Nubuck or sueded shoulder is top grain leather that has been lightly sanded to give it a sueded finish but with a definite grain pattern and more velvet feel and greater water repellency than suede made from a split leather.
Ostrich skin is by far the best choice in the exotic leather category. It is one of the softest, yet most comfortable and durable, of all the exotic leathers. Ostrich has soft, medium-sheen finish and is easily maintained. Ostrich is available as full quill, smooth and leg. The full quill is obtained from the prime part of the ostrich's back where the large and uniform feathers marks provide the distinguished quill markings and provide better breathability. Smooth ostrich comes from the sides or flanks of the ostrich and although having the same strength and comfort as full quill does not show many distinguishing quill markings. Ostrich leg has a distinguished wide scale pattern similar to chicken leg but with the durability and feel of lizard.
Usually a heavyweight calf or bullhide is oil treated for heavy work use. Retan simply means the skin has been tanned twice, the first time with a chrome tanning to make it tough, and the second time with fats and oils to enable the skins to resist water, petroleum products, barnyard acids and waste etc. Retan makes a tough-as-nails work boot. Pitstop cowhide leather is a form of retan with an oil and wax finish that gives superior pull-up like apache leather but with a darker brown coloration.
Roughout originally was made by positioning the top grain, smooth side of the cowhide skin, inside the vamp and the fleshy rough side of skin on the outside of the boot thereby getting the name 'rough side out' or simply roughout. Today roughouts are made from the cowhide 'split' with flesh sides top and bottom. Roughout leathers are soft and casual looking and are very low maintenance, not requiring polishing or conditioner oils. However, they can absorb water more readily than top grain leather and usually show stain marks that give a boot a well-worn character.
Shark is an extremely rough and rugged skin. The surface has raised sections, which allow the skin to be dyed so that the higher-textured areas will be lighter than the background producing a pleasing mottled effect. Shark is a long-lived skin and is virtually scuff-proof. Variations amongst sharkskins are fundamental to the type of shark. There are hundreds of different shark species but bootmakers and leather tanners group them to be all the same name 'shark' despite some species having very stiff rigid skins that are hard to break in and some having soft flexible skins that conform to the foot easily. Sharkskin boots have good water shedding properties but tend to be hotter on the foot since they have less breathability than boots made from animals that have skin porosity from hair, feathers, sweat glands, flexible membranes, etc.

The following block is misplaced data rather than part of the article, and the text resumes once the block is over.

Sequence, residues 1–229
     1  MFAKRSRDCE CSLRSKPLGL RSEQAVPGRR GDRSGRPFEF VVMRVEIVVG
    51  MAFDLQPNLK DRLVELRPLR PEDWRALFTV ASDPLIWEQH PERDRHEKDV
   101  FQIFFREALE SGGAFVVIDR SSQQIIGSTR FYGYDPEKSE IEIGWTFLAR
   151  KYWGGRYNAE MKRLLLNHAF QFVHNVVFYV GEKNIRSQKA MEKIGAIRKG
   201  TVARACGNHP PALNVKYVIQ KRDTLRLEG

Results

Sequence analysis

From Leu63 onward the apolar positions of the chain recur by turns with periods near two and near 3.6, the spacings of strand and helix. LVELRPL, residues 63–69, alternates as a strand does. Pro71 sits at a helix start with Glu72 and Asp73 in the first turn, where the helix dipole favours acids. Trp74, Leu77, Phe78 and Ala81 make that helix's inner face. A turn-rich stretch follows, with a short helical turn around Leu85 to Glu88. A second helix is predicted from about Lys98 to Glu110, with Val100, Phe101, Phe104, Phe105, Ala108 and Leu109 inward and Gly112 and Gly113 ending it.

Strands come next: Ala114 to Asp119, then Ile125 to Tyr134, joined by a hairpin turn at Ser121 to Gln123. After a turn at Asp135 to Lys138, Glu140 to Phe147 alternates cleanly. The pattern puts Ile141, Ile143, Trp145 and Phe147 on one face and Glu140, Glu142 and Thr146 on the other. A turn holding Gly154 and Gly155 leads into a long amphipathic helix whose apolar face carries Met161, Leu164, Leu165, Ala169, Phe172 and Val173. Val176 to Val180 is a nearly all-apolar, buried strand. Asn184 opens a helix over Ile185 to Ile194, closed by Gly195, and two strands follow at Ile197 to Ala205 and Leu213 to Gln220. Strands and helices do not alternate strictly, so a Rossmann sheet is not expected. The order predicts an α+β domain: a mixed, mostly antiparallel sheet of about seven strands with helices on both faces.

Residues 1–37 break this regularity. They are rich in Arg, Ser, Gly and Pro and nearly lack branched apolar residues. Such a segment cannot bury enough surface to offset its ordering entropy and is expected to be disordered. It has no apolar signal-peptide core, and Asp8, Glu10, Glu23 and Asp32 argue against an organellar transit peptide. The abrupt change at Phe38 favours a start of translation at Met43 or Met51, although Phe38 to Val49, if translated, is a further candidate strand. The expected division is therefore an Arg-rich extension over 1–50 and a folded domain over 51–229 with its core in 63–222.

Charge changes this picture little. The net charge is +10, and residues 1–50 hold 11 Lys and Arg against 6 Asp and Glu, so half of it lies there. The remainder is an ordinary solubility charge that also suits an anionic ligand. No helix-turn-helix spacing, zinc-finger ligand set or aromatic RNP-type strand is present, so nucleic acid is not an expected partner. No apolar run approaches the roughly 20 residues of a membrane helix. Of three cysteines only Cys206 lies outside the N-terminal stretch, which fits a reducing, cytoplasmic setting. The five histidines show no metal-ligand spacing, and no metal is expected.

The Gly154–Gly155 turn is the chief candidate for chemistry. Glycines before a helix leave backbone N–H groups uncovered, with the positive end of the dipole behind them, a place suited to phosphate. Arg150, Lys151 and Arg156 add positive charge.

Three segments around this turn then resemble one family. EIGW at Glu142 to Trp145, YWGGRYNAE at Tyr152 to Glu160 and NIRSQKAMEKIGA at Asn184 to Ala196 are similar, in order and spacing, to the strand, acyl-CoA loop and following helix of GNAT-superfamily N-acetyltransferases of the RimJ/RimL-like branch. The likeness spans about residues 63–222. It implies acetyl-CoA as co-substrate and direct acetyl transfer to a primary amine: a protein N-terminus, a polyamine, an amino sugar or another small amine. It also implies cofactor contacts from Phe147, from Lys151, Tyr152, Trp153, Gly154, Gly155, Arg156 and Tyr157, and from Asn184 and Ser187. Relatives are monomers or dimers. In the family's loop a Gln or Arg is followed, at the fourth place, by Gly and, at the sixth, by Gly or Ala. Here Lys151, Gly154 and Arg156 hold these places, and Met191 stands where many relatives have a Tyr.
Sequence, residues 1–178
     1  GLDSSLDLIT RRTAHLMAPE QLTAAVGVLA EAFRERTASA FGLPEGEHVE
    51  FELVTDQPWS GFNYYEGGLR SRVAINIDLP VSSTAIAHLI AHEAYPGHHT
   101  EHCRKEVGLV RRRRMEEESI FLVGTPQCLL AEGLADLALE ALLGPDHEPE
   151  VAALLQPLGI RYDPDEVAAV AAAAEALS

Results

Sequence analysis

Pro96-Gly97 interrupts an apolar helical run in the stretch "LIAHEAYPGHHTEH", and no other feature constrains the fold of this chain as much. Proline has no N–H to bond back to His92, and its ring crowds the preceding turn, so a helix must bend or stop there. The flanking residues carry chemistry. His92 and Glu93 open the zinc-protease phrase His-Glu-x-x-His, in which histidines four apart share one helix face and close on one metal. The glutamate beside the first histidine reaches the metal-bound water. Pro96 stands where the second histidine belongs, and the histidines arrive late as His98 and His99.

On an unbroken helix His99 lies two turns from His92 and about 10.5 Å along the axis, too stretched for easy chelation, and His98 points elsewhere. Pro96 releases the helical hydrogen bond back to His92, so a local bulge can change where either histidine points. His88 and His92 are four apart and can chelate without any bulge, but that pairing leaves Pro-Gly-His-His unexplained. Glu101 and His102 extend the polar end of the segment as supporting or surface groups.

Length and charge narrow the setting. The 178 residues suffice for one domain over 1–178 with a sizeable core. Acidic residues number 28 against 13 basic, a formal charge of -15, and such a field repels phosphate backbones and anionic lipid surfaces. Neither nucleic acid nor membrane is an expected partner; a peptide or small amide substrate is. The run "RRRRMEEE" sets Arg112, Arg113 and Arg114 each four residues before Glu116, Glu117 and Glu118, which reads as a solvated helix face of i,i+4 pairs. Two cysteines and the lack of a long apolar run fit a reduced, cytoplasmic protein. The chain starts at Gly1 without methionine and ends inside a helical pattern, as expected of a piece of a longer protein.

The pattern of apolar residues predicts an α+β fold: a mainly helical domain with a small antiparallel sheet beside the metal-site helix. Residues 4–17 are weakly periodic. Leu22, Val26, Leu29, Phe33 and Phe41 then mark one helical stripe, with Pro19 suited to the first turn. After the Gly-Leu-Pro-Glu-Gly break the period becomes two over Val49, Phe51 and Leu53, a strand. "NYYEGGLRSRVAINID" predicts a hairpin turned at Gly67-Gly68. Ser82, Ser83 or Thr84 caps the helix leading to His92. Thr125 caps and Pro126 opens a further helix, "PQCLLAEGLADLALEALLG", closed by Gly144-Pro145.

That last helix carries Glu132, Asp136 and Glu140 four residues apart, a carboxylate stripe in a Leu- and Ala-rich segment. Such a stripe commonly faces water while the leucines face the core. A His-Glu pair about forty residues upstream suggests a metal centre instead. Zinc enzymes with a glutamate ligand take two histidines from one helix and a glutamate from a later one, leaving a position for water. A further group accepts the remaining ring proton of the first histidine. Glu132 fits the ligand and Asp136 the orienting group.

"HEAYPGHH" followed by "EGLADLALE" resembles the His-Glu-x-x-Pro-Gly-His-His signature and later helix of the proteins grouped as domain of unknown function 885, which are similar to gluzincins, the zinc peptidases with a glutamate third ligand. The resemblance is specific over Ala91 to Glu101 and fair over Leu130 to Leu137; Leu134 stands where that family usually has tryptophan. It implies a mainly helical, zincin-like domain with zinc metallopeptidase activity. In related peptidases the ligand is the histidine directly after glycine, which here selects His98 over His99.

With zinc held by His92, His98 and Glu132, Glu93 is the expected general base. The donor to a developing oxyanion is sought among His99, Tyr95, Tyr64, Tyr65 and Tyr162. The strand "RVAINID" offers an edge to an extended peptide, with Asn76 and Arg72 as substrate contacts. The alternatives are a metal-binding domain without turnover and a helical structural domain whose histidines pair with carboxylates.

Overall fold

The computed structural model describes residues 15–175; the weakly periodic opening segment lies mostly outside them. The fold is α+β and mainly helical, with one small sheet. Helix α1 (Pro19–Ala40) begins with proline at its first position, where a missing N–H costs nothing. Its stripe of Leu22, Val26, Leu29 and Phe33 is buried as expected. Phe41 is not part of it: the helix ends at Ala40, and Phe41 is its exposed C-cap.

Boots are made from various types of snakes but mostly python, boa, anaconda, rattlesnake and watersnake/seasnake. The most popular snakeskin boots are python although boa and anaconda are first cousins to python and it would take an expert to tell them apart once a boot was finished. Python is by far the most durable of the snakeskins. Natural color snakeskin is a combination of a white background with brown or black markings but snakeskin can be dyed to many fashion colorations. Natural color snakeskin yellows with age, similar to old newspaper, caused by ultraviolet sunrays. Dyed colored boots maintain their coloration. Snakeskin boots can be either backcut to give the wide belly scales prominence on the top of the boot or can be bellycut to give the smaller and distinctive pattern of the snake's back prominence on the top of the boot. Rattlesnake has a coarser finish than python and both western and eastern rattlesnake are usually bellycut to display the strong diamond pattern of the skin. Watersnakes and seasnakes have usually been used for women's fashion accessories or fashion boots in vibrant colors. Watersnake and seasnake are a thinner, more delicate snakeskin than python or rattlesnake. Snakeskin boots are good for everyday urban wear or dress wear and look great with blue or black jeans or all colors of dress slacks.
Stingray is available in many colors and has a marbled, gravel-like texture, resembling thousands of tiny pebbles glued to a leather backdrop. The pebble finish boot usually has a natural bright white calcium deposit located right in the middle of the vamp that reminds people of a star opal. The skin is so tough, and breaks so many needles, that not all bootmakers will work with it. Stingray is one of the most scratch and abrasion resistant exotic leathers and is very waterproof. It may feel stiff when first purchased but it will break-in to be very comfortable in a few days. The finished boot has a very unique appearance.